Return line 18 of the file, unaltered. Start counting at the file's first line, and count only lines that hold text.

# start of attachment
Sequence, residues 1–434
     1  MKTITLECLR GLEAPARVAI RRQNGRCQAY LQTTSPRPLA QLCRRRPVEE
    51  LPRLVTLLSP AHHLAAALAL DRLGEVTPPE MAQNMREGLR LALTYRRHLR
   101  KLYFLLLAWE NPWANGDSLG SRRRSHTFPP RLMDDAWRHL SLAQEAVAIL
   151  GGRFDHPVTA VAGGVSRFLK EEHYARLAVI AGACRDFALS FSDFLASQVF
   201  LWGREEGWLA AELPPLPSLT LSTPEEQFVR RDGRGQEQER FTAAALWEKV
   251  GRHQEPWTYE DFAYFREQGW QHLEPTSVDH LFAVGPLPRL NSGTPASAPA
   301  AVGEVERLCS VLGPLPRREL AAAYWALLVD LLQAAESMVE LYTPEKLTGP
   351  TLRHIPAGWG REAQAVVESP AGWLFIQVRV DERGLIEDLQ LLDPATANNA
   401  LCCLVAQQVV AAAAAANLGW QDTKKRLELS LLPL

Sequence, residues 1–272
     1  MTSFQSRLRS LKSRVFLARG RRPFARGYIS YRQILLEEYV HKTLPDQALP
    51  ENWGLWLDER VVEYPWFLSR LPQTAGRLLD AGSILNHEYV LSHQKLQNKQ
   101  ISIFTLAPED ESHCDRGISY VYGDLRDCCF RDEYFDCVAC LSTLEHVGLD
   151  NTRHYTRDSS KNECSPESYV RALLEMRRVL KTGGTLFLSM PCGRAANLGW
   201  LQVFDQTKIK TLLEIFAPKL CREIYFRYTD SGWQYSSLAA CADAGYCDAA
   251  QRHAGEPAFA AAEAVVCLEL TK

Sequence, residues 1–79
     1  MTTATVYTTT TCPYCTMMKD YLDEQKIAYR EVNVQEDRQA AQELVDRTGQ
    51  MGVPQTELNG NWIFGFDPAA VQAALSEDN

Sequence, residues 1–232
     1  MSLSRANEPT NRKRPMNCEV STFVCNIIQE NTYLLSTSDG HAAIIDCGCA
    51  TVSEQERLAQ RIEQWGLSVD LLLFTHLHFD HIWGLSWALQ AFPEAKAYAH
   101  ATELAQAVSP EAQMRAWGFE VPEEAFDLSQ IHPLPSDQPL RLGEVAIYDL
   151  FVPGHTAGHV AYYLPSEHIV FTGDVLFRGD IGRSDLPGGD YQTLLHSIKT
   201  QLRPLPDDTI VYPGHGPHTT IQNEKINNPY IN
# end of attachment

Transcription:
Sequence, residues 1–79